Major banks pour billions into "extreme" fossil fuels
New report outlines the extent of the problem
A report released this week by Rainforest Action Network (RAN), BankTrack, Sierra Club and Oil Change International shows that the world's biggest banks are driving climate change by pumping hundreds of billions of dollars into extreme fossil fuels.
The seventh edition of an annual report, Shorting the Climate: Fossil Fuel Finance Report Card 2016, evaluates the bank policies and the exposure of 25 U.S., European and Canadian banks to, what researchers dub, "extreme fossil fuels" - defined as "the most carbon intensive, financially risky, and environmentally destructive sub-sectors. This includes coal mining, coal power, extreme oil (tar sands, Arctic oil, ultra-deep drilling) and North American liquefied natural gas export."
The report, which also graded banks on their human rights policies, shows that banks performed poorly in all sectors. Levels of exposure to extreme fossil fuels were high across the board with researchers saying that tens or hundreds of billions of dollars are invested by the largest 25 banks in companies involved in these sectors, with a vast majority of banks having no significant policies in place to stop funding extreme fossil fuels.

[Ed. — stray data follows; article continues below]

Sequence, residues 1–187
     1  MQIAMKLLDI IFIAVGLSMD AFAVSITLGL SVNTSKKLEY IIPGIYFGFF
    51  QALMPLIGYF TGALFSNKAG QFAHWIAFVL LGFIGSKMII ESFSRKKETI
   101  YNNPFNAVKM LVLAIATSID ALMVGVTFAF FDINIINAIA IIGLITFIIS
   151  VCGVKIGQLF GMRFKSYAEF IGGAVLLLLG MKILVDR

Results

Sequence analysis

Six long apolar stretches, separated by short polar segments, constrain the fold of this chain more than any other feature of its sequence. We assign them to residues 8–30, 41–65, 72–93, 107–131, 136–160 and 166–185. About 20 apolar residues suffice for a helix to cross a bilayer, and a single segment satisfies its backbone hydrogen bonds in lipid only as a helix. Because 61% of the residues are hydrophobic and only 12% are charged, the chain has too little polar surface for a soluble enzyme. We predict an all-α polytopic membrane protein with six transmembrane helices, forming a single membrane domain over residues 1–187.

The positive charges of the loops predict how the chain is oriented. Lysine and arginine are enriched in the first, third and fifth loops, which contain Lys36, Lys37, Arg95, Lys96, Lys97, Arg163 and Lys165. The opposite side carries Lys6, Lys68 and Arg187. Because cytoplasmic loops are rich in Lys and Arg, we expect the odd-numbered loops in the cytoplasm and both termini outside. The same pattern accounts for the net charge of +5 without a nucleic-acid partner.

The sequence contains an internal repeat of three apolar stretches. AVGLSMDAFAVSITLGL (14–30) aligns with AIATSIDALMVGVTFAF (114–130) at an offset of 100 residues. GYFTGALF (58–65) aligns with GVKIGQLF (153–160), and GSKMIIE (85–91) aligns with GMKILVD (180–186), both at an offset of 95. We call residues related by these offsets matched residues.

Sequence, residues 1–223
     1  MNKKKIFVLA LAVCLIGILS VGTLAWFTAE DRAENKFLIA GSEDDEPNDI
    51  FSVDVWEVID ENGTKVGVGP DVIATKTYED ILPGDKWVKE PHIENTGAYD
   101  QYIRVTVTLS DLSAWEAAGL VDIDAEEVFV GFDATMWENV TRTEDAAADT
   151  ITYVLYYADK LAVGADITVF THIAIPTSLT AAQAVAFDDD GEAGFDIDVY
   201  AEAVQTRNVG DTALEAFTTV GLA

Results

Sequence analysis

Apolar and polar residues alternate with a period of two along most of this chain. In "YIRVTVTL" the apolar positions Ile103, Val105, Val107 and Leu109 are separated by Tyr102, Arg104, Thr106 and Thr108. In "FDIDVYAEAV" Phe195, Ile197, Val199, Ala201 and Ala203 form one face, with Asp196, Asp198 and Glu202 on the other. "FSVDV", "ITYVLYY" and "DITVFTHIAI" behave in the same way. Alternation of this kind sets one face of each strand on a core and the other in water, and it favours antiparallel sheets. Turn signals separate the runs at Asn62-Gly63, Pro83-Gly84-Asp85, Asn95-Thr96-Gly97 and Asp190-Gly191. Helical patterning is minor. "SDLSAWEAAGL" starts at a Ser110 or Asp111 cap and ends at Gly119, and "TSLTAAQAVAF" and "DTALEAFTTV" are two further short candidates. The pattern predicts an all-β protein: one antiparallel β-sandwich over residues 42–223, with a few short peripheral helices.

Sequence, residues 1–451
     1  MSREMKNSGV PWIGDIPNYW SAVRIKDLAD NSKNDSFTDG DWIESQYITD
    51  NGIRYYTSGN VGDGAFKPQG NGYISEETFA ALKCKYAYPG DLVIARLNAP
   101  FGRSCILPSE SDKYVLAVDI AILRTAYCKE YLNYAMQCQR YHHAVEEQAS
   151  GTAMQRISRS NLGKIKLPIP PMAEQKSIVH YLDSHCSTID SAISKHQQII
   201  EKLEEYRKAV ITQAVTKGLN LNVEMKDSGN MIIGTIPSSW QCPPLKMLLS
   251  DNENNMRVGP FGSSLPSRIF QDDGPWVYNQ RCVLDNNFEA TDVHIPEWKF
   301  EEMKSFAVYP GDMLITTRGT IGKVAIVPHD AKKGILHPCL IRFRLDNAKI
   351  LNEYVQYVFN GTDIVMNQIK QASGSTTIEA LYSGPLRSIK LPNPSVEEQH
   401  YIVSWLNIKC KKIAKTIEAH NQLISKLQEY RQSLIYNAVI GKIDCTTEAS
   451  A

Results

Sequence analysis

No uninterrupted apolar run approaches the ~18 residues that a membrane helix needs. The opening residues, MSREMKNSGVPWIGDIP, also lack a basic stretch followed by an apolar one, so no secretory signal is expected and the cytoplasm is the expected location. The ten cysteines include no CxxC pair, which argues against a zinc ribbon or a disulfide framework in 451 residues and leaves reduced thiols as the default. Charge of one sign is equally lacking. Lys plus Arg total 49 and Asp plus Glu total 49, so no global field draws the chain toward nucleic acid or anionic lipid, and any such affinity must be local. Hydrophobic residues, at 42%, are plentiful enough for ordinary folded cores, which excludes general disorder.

Yann Louvel, BankTrack's Climate and Energy Campaign Coordinator commented:
"Many banks announced a move away from coal in the run up to COP21 and after, but most of these focused only on coal mining. Our assessment clearly shows that they still have a long way to go to concretely exit this industry, and even more for the other extreme fossil fuel sectors.
None of these banks can claim to support the Paris Agreement, to be aligned with a 2° scenario or to be fighting climate change - as we too often read in their sustainability reports - if they continue to finance these destructive sectors."
The report's authors show that even after the climate talks in Paris last December, leading financial institutions have continued business as usual - investing in fossil fuels in direct contradiction to global consensus.
In just the past three years, these banks have sunk:
- $42 billion into companies active in coal mining
- $154 billion into the 20 largest coal-fired power producers
- $306 billion into companies that drill extreme oil
- $282 billion into companies building liquefied natural gas export infrastructure
Of the banks featured in our latest banking report :
- HSBC invested $1.46 billion between 2013-15
- Barclays invested $1.11 billion between 2013-15
- RBS invested $0.86 billion between 2013-15
- Santander invested $0.19 billion between 2013-15
In a statement on the BankTrack website, the campaign group added that:
"The report card does reflect bank movement on coal mining, where ten of the biggest U.S. and European banks committed to reduce funding for the coal mining sector in the last year.
Based on their ability to quickly switch their stance on coal over the last year alone, banks are capable of making the critical choice to cut out extreme fossil fuel investments. Not only can they do it, it is a critical step to follow through on promises made in Paris to stabilize the climate."
Discover how you can have fossil free personal finances in our guide to personal carbon divestment >